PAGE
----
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Gauvin v. New Haven

Supreme Court of Connecticut
May 18, 1982
445 A.2d 1 (Conn. 1982)

Summary

In Gauvin, the court held that the trial court should have considered the defendant's governmental immunity defense and remanded the case after concluding that testimony at trial "could have provided an adequate basis for the trial court to determine whether the acts complained of were ministerial or governmental and whether the defense of governmental immunity could have been sustained."

Summary of this case from Chalamosquera v. Gilbane Building Co.

Opinion

The plaintiff sought damages from the defendant city of New Haven for injuries he sustained as a result of a fall from an allegedly defective swing in a New Haven public park. Two days subsequent to the trial, the trial court, in a letter to the plaintiff's attorney, a copy of which had been sent to the defendant's attorney, requested an articulation of the theory of liability upon which the plaintiff was proceeding. The plaintiff's attorney, in his reply letter, stated that the action sounded in negligence, and noted that governmental immunity should have been, but was not, pleaded as a special defense. The court then requested a response from the defendant's attorney who, for the first time, claimed immunity as a defense and further claimed that it need not be pleaded specially. The trial court refused to consider the defense and rendered judgment for the plaintiff, from which the defendant appealed to this court claiming error in that refusal. Because the trial court, in requesting a response from the defendant to the issues addressed in the plaintiff's letter, created the possibility that the defendant would raise the immunity defense, and because the unusual correspondence between the court and counsel for the parties precluded it from exercising its discretion in deciding whether to permit the defense as an amendment to the defendant's answer after the pleadings were closed, it should have considered the defense. Accordingly, the case was remanded for a further articulation of whether the acts complained of were governmental or ministerial in nature, and for a consequent ruling on the defendant's immunity defense.

Argued March 11, 1982

Decision released May 18, 1982

Action to recover damages for personal injuries sustained in a fall from an allegedly defective swing in a public park, brought to the Superior Court in the judicial district of New Haven and tried to the court, Berdon, J.; judgment for the plaintiff, from which the defendant appealed to this court. Remanded for articulation.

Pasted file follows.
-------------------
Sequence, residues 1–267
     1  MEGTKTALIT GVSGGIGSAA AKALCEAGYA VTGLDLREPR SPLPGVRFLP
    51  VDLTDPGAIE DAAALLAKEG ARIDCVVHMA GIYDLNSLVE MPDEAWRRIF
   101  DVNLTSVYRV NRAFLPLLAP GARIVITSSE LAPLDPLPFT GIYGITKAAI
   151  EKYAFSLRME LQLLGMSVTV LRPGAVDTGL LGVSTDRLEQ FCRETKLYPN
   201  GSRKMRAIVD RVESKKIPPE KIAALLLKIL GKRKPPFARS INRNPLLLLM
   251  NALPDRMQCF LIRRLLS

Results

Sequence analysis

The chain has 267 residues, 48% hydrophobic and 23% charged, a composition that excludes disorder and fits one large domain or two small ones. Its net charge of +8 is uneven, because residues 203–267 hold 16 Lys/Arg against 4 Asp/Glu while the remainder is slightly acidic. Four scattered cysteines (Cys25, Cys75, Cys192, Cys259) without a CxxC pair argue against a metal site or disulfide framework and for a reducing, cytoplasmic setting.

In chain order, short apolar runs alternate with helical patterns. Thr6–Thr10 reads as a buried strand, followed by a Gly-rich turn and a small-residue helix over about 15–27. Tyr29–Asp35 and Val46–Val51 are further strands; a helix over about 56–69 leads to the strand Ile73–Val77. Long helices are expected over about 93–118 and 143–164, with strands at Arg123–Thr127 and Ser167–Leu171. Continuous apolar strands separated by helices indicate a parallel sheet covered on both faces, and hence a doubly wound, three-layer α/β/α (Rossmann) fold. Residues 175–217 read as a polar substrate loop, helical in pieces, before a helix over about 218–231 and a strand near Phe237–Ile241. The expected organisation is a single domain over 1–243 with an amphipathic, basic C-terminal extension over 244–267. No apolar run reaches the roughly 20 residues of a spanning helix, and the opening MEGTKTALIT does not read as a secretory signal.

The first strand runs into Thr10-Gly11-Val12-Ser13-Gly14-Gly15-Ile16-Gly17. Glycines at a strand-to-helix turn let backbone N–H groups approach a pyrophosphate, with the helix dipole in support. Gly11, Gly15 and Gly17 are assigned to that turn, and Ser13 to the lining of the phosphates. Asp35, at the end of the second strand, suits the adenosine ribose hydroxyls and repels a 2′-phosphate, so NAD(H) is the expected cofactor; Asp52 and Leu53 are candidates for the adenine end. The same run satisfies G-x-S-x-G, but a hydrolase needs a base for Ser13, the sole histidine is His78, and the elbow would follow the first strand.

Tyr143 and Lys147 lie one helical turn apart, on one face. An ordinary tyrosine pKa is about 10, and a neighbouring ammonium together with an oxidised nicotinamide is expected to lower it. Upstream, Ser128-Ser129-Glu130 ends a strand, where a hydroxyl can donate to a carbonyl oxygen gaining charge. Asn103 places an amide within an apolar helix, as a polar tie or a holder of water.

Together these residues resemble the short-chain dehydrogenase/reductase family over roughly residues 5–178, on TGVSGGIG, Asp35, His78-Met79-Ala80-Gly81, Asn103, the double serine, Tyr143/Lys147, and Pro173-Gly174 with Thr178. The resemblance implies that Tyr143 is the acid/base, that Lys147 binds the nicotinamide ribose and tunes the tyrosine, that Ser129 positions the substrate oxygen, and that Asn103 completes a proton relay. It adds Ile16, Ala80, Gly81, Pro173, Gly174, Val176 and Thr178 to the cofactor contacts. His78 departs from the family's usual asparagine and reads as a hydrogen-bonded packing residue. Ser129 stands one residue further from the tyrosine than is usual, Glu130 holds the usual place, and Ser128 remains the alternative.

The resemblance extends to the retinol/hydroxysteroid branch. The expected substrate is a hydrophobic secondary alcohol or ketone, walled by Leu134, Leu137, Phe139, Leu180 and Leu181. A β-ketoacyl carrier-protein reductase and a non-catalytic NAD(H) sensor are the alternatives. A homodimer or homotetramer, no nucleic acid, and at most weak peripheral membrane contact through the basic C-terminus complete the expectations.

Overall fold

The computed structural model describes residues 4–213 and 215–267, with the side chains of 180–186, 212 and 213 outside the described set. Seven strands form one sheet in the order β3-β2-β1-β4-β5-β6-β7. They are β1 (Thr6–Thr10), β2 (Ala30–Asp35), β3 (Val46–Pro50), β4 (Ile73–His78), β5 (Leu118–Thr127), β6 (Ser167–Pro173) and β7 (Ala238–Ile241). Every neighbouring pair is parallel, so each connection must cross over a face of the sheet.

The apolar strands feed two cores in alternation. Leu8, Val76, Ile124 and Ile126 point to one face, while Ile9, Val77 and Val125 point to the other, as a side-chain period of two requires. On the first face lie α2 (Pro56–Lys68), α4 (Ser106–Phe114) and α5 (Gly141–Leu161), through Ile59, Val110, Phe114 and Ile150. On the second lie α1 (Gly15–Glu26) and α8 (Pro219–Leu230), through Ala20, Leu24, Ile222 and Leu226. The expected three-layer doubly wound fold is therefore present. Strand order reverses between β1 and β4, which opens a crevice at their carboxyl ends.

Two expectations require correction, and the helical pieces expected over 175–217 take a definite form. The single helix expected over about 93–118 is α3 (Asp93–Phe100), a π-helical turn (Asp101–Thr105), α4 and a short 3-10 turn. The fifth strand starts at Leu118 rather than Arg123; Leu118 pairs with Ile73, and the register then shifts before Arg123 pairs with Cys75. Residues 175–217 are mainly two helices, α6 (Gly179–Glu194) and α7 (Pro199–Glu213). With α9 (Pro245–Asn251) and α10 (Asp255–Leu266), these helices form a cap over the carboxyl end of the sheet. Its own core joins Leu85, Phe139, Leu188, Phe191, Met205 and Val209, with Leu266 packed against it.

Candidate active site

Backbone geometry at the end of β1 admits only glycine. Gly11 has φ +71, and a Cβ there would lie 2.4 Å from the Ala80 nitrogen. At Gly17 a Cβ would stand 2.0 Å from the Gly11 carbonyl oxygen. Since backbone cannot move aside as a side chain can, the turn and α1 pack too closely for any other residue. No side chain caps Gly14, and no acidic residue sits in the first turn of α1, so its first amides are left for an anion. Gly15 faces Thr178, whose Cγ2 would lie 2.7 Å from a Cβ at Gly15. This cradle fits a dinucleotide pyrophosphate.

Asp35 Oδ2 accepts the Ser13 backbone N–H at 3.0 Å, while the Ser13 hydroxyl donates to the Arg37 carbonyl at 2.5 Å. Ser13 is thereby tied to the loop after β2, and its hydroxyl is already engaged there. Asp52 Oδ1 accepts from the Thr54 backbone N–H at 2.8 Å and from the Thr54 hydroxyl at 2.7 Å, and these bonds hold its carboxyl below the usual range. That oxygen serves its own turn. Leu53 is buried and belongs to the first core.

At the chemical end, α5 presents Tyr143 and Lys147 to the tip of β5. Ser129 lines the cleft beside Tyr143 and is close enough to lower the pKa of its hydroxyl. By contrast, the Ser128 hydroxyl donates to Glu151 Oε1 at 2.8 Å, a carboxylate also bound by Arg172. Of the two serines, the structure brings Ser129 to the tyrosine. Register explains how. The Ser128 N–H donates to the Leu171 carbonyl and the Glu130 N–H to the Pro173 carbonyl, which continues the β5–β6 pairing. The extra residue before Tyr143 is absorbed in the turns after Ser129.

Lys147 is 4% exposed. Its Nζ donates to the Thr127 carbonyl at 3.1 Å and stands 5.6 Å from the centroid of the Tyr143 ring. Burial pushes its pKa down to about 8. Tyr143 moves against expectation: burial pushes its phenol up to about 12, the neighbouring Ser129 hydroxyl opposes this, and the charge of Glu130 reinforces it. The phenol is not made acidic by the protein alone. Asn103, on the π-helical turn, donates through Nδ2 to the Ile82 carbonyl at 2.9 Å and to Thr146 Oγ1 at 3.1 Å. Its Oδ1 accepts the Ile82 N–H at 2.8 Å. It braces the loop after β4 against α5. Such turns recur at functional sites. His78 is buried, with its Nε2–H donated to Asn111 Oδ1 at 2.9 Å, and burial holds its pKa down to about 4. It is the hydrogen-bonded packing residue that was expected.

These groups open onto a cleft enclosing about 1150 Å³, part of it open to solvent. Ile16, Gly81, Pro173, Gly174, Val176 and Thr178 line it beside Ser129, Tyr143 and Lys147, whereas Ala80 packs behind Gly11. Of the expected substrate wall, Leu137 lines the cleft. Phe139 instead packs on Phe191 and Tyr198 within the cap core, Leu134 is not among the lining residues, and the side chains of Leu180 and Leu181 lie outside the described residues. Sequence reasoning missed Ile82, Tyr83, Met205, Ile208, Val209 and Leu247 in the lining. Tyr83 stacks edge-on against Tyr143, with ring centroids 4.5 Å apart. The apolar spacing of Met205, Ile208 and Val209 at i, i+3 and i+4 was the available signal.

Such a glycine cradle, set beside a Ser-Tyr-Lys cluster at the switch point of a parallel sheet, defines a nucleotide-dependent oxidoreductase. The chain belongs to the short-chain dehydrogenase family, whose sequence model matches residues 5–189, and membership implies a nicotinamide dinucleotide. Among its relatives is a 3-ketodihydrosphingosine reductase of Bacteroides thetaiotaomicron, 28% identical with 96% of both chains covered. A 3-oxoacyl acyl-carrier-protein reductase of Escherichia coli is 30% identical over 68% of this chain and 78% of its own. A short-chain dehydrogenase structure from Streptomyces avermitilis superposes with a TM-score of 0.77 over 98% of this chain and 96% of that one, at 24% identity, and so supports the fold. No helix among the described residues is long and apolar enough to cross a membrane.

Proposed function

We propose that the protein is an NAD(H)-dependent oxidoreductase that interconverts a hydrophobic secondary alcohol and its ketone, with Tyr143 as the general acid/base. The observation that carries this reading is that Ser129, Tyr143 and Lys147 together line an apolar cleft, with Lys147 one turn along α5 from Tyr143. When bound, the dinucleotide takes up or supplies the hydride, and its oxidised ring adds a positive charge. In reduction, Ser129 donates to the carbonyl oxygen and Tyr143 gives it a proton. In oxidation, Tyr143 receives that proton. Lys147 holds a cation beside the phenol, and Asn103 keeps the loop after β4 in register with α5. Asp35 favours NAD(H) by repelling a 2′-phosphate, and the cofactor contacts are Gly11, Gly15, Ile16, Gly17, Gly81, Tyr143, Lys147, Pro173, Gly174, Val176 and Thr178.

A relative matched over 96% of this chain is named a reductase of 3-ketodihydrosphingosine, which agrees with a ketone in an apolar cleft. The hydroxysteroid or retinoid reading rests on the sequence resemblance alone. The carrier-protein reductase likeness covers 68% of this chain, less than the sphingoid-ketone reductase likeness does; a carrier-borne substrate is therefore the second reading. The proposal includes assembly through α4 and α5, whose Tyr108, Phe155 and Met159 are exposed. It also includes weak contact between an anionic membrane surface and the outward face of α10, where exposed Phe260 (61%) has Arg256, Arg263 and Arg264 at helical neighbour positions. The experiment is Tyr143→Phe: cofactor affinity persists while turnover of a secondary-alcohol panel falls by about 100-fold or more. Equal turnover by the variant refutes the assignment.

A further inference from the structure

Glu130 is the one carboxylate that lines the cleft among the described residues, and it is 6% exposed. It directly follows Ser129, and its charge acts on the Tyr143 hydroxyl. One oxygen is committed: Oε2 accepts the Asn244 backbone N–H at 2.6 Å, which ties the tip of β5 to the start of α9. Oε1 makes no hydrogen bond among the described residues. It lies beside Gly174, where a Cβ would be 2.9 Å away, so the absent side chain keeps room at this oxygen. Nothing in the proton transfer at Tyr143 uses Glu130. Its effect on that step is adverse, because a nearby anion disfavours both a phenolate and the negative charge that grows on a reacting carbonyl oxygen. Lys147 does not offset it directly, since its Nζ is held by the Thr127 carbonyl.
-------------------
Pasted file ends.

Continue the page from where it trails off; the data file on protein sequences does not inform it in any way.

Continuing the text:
Robert S. Reger, special assistant corporation counsel, for the appellant (defendant).

Robert E. Reilly, with whom, on the brief, was Frederick P. Amore, for the appellee (plaintiff).


This appeal raises the issue of whether a municipality must specially plead governmental immunity to merit its consideration as a defense to an action alleging the negligent operation of a city park.

One of the fingers in the plaintiff's dominant hand was broken when a link in a chain supporting a playground swing on which he was sitting broke. The plaintiff brought an action in negligence against the defendant city, alleging that the defendant's failure to exercise reasonable care in maintaining the chain links of the swing, located in Lighthouse Park in New Haven, proximately caused his personal injuries and damages. Specifically the plaintiff alleged that the defendant, its officers, agents, servants and employees, failed to replace rusted chain links, failed to warn the public that the swings were unsafe, failed to prevent the public from using the unsafe swing, failed reasonably to inspect the swing for defects, and failed reasonably to maintain the swing.

In its answer the defendant admitted that it was a municipal corporation and denied the allegations relating to liability in the complaint. As a special defense, the defendant alleged that the plaintiff's negligence was the proximate cause of his personal injuries and damages. The defendant did not in its pleadings, or at trial, expressly raise governmental immunity as a defense.

Two days after the one-day trial, the court asked the plaintiff's counsel in a letter, with a copy to defendant's counsel, upon what theory of liability he was proceeding. The record does not indicate what precipitated the letter. After receiving a copy of the letter, counsel for the defendant requested counsel for the plaintiff to provide him with a copy of the plaintiff's response to the court's letter so that he would have an opportunity to address the issues raised in the response. Counsel for the plaintiff explained in a letter to the court that the action was brought in negligence, and noted that governmental immunity should have been, but was not, pleaded as a special defense. Counsel for the plaintiff contended that the defense should not, therefore, be considered by the court.

Upon receipt of that letter, the court requested counsel for the defendant to respond thereto. In complying with that request, the defendant for the first time expressly claimed that the defendant was not liable for any negligence in the operation of a public park because it is a governmental function. The defendant further claimed that governmental immunity need not be raised in a special defense, which claim was countered by counsel for the plaintiff in a subsequent letter to the court.

In its memorandum of decision the trial court declined to consider the governmental immunity defense because it was not pleaded specially. To allow the defendant to raise the defense after the trial had concluded, the court explained, would unfairly prejudice the plaintiff. The court further reasoned that if the defendant had been negligent in performing a ministerial act, then governmental immunity would not relieve it of liability, but the court did not expressly address whether the acts complained of were ministerial in nature. Finding that the defendant was negligent in not repairing the swing, or in failing to prevent the public from using it, when the defendant had constructive notice that one of the chain links was rusted and worn, the court awarded the plaintiff $2400 for his personal injuries and damages, plus costs. In its appeal the defendant claims that the court erred in not considering and upholding the defense of governmental immunity.

A municipality is immune from liability for the performance of governmental acts, as distinguished from ministerial acts. Governmental acts are performed wholly for the direct benefit of the public and are supervisory or discretionary in nature. See, e.g., Spitzer v. Waterbury, 113 Conn. 84, 87, 154 A. 157 (1931); Richmond v. Norwich, 96 Conn. 582, 588, 115 A. 11 (1921); Boucher v. Fuhlbruck, 26 Conn. Sup. 79, 82, 213 A.2d 455 (1965). On the other hand, ministerial acts are performed in a prescribed manner without the exercise of judgment or discretion as to the propriety of the action. Tango v. New Haven, 173 Conn. 203, 204-205, 377 A.2d 284 (1977); Wright v. Brown, 167 Conn. 464, 471, 356 A.2d 176 (1975); Pluhowsky v. New Haven, 151 Conn. 337, 347, 197 A.2d 645 (1964); Blake v. Mason, 82 Conn. 324, 327, 73 A. 782 (1909); Boucher v. Fuhlbruck, supra, 81-82.